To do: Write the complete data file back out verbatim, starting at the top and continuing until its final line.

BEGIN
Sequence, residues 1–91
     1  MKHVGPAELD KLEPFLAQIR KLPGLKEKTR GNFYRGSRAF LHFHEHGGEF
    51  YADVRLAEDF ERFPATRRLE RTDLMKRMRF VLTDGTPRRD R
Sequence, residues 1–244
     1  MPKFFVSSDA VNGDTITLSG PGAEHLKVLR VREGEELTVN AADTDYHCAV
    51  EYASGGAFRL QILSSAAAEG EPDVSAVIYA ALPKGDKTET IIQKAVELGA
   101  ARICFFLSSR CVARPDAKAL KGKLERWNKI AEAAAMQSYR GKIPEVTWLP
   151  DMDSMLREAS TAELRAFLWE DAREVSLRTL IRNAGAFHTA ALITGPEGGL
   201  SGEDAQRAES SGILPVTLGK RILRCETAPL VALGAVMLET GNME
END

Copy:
Sequence, residues 1–91
     1  MKHVGPAELD KLEPFLAQIR KLPGLKEKTR GNFYRGSRAF LHFHEHGGEF
    51  YADVRLAEDF ERFPATRRLE RTDLMKRMRF VLTDGTPRRD R
Sequence, residues 1–244
     1  MPKFFVSSDA VNGDTITLSG PGAEHLKVLR VREGEELTVN AADTDYHCAV
    51  EYASGGAFRL QILSSAAAEG EPDVSAVIYA ALPKGDKTET IIQKAVELGA
   101  ARICFFLSSR CVARPDAKAL KGKLERWNKI AEAAAMQSYR GKIPEVTWLP
   151  DMDSMLREAS TAELRAFLWE DAREVSLRTL IRNAGAFHTA ALITGPEGGL
   201  SGEDAQRAES SGILPVTLGK RILRCETAPL VALGAVMLET GNME